SmackDown Live results: A lackluster go-home show ahead of Backlash

Randy Orton hit his teammate Jeff Hardy with an RKO after their match was over. The two will face off for the United States championship at Backlash. Courtesy WWE

'Tis the season, right?

There were no signs of Shane McMahon, The Usos or The Bludgeon Brothers on Tuesday, while Daniel Bryan and Rusev were essentially no-shows. Yes, SmackDown Live felt somewhat depleted.

After all the excitement and chaos of the weeks leading into and following WrestleMania and the Greatest Royal Rumble, the cadence had to slow at some point.

This isn't necessarily a lazy creative decision. The foundation of the next few months needs to start somewhere. We've had so many tweet-me-now moments between the new call-ups and the roster overhauls that SmackDown had to stop, breathe and let some of these narratives play out.

Tuesday night's show felt more like filler time. More accurately, it was your garden-variety go-home show. If the Backlash pay-per-view coming up Sunday feels like a bridge to get us from WrestleMania to Money in the Bank, then SmackDown was a bridge to get us to that bridge.

But let's not harp on the negatives. Sure, there wasn't a ton of action, but there was The Miz, and I'd like to extend my gratitude for whoever decided to bring The Miz back to the blue brand.

Whether he is directly involved in the narrative or not, he, more than anyone, can stir up heat with his lips alone. Without Miz, this episode of SmackDown might have been the opposite of whatever must-see TV is. His segment alone served three purposes:

  1. To hate on Seth Rollins and promote their match Sunday for the Intercontinental title.

  2. Set the foundation between Jeff Hardy and Randy Orton, the latest match added to the Backlash card and

  3. Jump into the ring in the night's opening (and best) match.

Miz again proved he doesn't need a title or any slice of hardware. Just a mouth. He was able to get Hardy to deliver one of his better interviews since returning to the WWE a year ago.

"[You're] an annoying, overbearing, Hollywood wannabe," Hardy said when asked to compare The Miz to Rollins. "If you were better than Seth 'Freakin' Rollins, you would have won at the Greatest Royal Rumble. Like I did."

When Orton eventually made his way to the ring, The Miz mocked him for falling so low on the SmackDown top-10 list from a few months ago. Orton didn't seem to fall for The Miz's antics, saying only he will strike when he'll strike, whether it's against Miz or Hardy.

Turns out it was against both. In the opening bout, Orton and Hardy teamed up to face The Miz and Shelton Benjamin. Miz did his best Bryan imitation with some running drop kicks, but the battle belonged to Orton.

First, he put The Miz through the announcer's table with a side slam, then delivered a DDT from the second rope with Miz in one arm and Benjamin in the other. Finally, Orton struck Benjamin with an RKO, setting up Hardy's match-winning Swanton Bomb before -- you guessed it -- catching Hardy with another RKO, a not-so-subtle warning about what he can expect Sunday.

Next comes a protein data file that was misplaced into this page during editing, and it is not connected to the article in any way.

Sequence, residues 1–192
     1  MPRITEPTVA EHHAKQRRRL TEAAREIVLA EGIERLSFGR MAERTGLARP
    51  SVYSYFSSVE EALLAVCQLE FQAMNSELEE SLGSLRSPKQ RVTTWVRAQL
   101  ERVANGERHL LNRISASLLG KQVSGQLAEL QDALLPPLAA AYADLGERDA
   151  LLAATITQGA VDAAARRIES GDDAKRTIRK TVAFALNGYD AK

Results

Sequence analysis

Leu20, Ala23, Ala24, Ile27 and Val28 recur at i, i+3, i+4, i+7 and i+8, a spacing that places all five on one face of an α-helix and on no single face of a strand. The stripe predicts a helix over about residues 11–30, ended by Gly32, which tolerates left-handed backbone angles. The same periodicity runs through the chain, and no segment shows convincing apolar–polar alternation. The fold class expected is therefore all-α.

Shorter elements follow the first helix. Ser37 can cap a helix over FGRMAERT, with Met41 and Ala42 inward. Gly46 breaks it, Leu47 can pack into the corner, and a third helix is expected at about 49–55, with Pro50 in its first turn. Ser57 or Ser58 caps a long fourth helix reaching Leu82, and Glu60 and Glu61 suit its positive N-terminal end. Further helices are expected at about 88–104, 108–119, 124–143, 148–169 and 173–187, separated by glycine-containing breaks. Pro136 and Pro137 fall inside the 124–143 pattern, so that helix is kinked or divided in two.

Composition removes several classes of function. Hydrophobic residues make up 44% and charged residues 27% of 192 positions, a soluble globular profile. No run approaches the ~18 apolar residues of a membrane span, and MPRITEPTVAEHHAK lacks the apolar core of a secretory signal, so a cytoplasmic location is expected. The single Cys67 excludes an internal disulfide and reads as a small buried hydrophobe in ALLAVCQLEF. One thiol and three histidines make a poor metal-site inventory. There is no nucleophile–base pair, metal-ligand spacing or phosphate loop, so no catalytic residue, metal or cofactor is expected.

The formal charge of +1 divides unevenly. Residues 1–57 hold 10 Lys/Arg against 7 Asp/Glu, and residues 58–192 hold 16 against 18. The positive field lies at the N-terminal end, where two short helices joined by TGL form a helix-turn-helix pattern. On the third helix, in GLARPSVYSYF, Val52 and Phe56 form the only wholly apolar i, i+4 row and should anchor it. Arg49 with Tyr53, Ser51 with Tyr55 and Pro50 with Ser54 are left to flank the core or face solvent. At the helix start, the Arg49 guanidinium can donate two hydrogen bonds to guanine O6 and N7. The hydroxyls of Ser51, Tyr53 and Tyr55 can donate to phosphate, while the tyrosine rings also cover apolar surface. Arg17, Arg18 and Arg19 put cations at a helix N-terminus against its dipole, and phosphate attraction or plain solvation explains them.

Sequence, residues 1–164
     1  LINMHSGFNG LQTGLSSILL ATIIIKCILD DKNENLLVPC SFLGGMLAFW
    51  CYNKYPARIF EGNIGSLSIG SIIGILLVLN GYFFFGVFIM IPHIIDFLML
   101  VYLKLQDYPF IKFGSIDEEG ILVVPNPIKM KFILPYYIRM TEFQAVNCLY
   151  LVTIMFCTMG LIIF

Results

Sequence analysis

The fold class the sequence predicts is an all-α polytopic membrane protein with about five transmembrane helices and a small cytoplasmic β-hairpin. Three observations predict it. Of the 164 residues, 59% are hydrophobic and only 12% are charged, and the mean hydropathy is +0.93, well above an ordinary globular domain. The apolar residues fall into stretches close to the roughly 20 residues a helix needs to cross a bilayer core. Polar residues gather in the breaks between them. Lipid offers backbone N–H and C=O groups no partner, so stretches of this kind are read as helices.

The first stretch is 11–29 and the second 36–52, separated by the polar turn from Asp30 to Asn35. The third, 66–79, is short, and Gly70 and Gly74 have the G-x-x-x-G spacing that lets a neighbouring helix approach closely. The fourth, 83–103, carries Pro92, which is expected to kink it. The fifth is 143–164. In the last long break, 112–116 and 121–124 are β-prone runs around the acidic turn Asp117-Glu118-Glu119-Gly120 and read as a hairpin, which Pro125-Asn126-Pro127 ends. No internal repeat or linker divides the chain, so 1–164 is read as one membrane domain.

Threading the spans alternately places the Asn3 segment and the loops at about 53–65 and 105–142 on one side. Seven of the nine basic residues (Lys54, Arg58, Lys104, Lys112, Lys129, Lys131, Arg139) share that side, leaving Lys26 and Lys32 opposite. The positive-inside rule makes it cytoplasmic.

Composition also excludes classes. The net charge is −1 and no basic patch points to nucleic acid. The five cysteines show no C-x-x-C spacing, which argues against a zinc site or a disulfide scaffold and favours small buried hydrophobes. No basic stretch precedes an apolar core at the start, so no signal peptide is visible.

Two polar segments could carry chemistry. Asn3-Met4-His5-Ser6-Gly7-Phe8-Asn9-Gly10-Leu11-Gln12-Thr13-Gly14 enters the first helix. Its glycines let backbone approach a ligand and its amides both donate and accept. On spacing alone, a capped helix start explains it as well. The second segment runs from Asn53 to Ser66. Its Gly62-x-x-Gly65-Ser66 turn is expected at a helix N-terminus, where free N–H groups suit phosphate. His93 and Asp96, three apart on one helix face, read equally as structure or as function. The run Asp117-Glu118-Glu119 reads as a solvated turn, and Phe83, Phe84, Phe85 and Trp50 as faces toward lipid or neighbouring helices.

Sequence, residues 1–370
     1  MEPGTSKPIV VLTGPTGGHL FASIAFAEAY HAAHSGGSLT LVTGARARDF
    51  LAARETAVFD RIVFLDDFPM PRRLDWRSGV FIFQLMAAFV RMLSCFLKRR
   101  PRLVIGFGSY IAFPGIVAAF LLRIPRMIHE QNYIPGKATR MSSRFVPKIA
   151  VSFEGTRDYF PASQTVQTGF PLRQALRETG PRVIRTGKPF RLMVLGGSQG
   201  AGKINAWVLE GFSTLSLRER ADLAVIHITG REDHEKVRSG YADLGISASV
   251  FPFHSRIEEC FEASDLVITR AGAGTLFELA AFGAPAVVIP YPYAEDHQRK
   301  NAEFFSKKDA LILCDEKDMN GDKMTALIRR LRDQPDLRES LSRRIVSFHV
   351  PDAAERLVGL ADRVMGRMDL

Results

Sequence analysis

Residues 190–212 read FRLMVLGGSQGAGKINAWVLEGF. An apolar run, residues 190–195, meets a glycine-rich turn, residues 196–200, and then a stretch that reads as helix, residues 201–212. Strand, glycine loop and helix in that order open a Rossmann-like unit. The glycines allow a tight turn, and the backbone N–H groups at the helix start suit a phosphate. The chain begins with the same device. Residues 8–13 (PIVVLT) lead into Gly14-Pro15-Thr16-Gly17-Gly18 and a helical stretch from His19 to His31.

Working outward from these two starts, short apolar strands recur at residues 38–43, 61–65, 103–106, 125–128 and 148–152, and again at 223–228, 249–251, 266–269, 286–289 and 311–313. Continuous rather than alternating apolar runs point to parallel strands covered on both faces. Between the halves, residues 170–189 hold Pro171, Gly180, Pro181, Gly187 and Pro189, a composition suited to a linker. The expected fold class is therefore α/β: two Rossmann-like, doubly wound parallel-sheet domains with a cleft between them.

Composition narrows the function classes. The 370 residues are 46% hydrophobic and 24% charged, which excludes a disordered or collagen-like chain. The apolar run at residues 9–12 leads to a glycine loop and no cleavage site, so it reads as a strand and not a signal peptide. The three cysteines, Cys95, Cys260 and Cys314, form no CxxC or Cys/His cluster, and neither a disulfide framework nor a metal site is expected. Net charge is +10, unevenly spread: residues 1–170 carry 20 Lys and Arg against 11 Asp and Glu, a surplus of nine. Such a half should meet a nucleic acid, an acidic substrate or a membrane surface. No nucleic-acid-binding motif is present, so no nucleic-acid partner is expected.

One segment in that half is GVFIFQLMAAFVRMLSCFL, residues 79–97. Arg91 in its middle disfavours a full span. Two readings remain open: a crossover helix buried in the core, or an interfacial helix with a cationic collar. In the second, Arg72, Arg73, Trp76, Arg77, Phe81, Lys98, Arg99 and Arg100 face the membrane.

If the show had ended at that point, we would have been satisfied.

Hits & misses

  • Yes, it seems like Samoa Joe is going in 15 different directions at the moment, but Tuesday he teased a probable storyline with AJ Styles after Backlash. They had a memorable rivalry in their Impact Wrestling days, but revisiting this feud on the WWE platform would be even bigger and better. Further, Joe could potentially find himself entangled with Shinsuke Nakamura in the near future. Everyone remembers their encounters at NXT, so please, bring it on.

  • In the main event, The IIconics, along with partner and women's champion Carmella, fell to Charlotte Flair, Becky Lynch and Asuka. Not exactly a stellar beginning for Billie Kay and Peyton Royce, who hope they don't fall into the same vortex as Absolution did while on Raw or The Riott Squad. Both are solid in-ring performers who need to blossom into bona fide women's heels, something SmackDown is sorely missing.

  • Love the fact that Big Cass has been given some leeway to build up his bad-boy aura. However, the irreverent nature of bringing in a midget to mock Daniel Bryan's size was just plain silly. Cass just isn't a funny guy, and that's OK. Let him be organic and just talk smack. Better yet, perhaps have him talk less and let his big boots do the work. That'd serve him even better. Unless you're The Miz, the last thing either Raw or SmackDown needs at the moment is another loquacious, annoying personality, when it's clear the fans would rather see slams and suplexes.

  • Looks like Lana is going to join Rusev Day. Her experiment as a SmackDown heel was somewhere between meh and awful. Anyone who joins Rusev at the moment is bound to turn to gold -- never mind his own wife.

  • It was by and large a throwaway match, but Sheamus and Xavier Woods put on a good show, with the New Day member winning via a fluke roll-up. It seems unlikely given their strong marketing as a team, but splitting up the New Day would not be the worst thing. Woods, Kofi Kingston and Big E could all thrive (and for the latter two, have thrived) as singles competitors. Imagine this: The threesome is going at it against any high-profile opponents, when Big E channels his inner Seth Rollins and demolishes his teammates with a steel chair. Just throwing it out there.

  • Just like that, Absolution has been declared a thing of the past. In a backstage segment, new SmackDown general manager Paige told her former partners, Mandy Rose and Sonya Deville, they are no longer a faction. We'll say it again: Give them a chance to succeed as singles competitors. Even if only one pans out in the long run, it'll be a win.